Perhaps neither the PIU personnel in uniform knew she was three months pregnant when they stood over and administered heavy beatings and kicks from their hard boots on her body with their batons.
Now, Wurry (not her real name) is still nursing bone pains around her waist five years after she miscarried her pregnancy due to the effects of this fateful day. She also lost her marriage as a result, as usual in The Gambia, on the receiving end of the loss by her husband. The TRRC medical team is paying for her treatment as she could not afford the high medical bills and look after her kids the husband left in her care.
Her abode was not the least ideal as she lives in a family compound since her divorce. The locally made sofas made from foam and velvet cover from a corner wood workshop are worn out. The plastic, thin carpet on the floor is torn in most parts. She welcomed this reporter to sit in the sitting room and ready to answer questions about the incident that occurred five years ago.
To Wurry, the mandate of the TRRC should include a decent living and good education for her kids who she is raising to become progressive citizens of The Gambia tomorrow. As our interview progressed, two little girls, about seven and six years, walked in on us. Wurry stopped her narration. She doesn’t want her kids to understand the trauma she undergoes. She has to be strong for them.
She was another victim of May 9th 2016. Her experience started after the UDP Executive Members’ arrest and trial. Three days to the judgement, she ran into an incident with the security around PIU Kanifing barracks.
How it all happened
First, Wurry noticed some changes in security situations around the Denton Bridge, with an increased presence of armed military, Immigration and the PIU personnel. After weeks of trial, she now has a good sense of what security looks like around Banjul. On this day, they were asked about their national IDs and where they were heading to.
“I told them I was going to see my dentist for an appointment. They diverted our vehicle to the Bond Road instead of the usual route through the highway into Banjul. On that road, they stopped our vehicle at another checkpoint, disembarked the passengers and demanded the driver turn back to SerreKunda. We were left to walk on foot from Bund Road to Banjul,” she recounted.
“At the courthouse, they said the court room was filled to capacity and that we cannot enter,” she said, describing the court space as equal to her sitting room where the interview was conducted.
As they chanted outside the courtroom, “We need Solo Sandeng dead or alive”, a scuffle with security ensued and one of the old aged supporters from Younna, fell down. Outside the courtroom, up to four boulders piled on each other. During the scuffle, she claimed these were pushed against them by the PIU guards and landed on the old man’s leg, breaking it into three pieces.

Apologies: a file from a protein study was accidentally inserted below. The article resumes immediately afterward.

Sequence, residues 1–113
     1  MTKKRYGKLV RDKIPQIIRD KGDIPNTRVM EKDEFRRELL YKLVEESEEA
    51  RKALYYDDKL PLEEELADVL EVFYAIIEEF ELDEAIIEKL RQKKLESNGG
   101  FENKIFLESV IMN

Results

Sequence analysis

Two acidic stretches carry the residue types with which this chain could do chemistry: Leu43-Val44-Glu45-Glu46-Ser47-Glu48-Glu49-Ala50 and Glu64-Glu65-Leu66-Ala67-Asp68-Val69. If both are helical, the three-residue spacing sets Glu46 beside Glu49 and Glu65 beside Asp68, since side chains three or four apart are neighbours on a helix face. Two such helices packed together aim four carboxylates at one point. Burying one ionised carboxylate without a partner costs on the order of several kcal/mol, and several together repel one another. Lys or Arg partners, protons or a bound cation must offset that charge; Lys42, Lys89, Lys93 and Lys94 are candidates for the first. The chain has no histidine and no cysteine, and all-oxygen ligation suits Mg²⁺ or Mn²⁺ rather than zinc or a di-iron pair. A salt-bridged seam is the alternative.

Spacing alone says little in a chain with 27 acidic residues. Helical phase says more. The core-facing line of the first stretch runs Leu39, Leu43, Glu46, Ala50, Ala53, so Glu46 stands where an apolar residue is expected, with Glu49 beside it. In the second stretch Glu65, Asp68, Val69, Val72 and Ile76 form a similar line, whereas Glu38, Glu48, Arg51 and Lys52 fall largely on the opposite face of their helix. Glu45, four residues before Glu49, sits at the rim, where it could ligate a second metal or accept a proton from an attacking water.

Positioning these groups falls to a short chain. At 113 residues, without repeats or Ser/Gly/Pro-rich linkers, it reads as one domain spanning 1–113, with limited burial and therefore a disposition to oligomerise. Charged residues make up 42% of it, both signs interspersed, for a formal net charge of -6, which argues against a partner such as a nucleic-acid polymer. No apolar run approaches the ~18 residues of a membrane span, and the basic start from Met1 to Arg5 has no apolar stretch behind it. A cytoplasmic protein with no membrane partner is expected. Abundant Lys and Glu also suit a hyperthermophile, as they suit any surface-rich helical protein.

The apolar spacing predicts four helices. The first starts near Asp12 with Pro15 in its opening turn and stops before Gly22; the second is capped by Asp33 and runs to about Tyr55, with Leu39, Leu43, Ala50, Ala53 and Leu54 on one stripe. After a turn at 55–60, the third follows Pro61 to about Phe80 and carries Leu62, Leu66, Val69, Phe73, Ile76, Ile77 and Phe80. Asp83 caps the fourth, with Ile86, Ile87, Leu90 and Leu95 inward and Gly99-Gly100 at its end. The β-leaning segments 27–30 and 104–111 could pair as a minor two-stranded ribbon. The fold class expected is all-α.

The sittings on each day of the trail, especially towards the judgement, gets tenser. On this particular day, their vehicle had armed military and PIU escorts from Banjul after the tense reactions that nearly resulted in a fight at the court premises.
“They stopped our commercial vehicle just after Bond Road and asked us to change into a sand-tipper truck from there. Some agreed but others including myself did not. We had another push and pull there until we reached a compromise. Some of the supporters joined the truck but adamant ones like myself were left to continue in our commercial one,” she said.
Just around Jeshwang, the truck stopped and passengers on board alighted to walk the rest of the journey to Westfield on foot. They walked proudly, chanting solidarity songs like “Freedom for our leaders” and demanding “Solo Sandeng dead or alive”. Just before the PIU gate, they were stopped again.
“They demand that we stop walking and use vehicles as if we were marching without permit. Another brawl nearly ensued but some compromised to divert their route to Baa Ousainou’s Pipeline home through Iceman junction. Some even diverted around Jimpex when they anticipated some trouble ahead due to the attitude of security in Banjul on that day,” Wurry said.
She was among those who continued to walk and just a few meters from the PIU junction, were shot with tear gas canisters. Then, chaos again.
“I ran but could not run far due to my weight and the panic that engulfed me. I stepped on a boulder on the roadside and took the next step into the CFAO car sales depot, I got a heavy hit from a baton on my hip. I fell,” the almost 200 pounds lady recalled.
Again, they were masked men, armed with riot gears and guns. Two of them were standing over her and beating on the right side, from her head down to her feet, as she lay on the left.
“They were hurling insults and asking why we were wearing the solidarity T-shirts bearing our Kalama revolution. I couldn’t move and just took the pain of the beatings, breathing heavily and my screams drowned in pain,” she added.
As she went motionless, they left her and moved on to others. She got up and ran upstairs. The security man on guard at the CFAO went out to call for more men to come and show them where we hid on the top floor of their building. His colleague, an old guardman, stooped them from trespassing the property.
“That was how I got saved. Thanks to the old man’s intervention, we were saved but my colleague later came down to pick up our gourd spoon, shoes and bags left behind, she got arrested and was among those who were detained at PIU,” she recalled.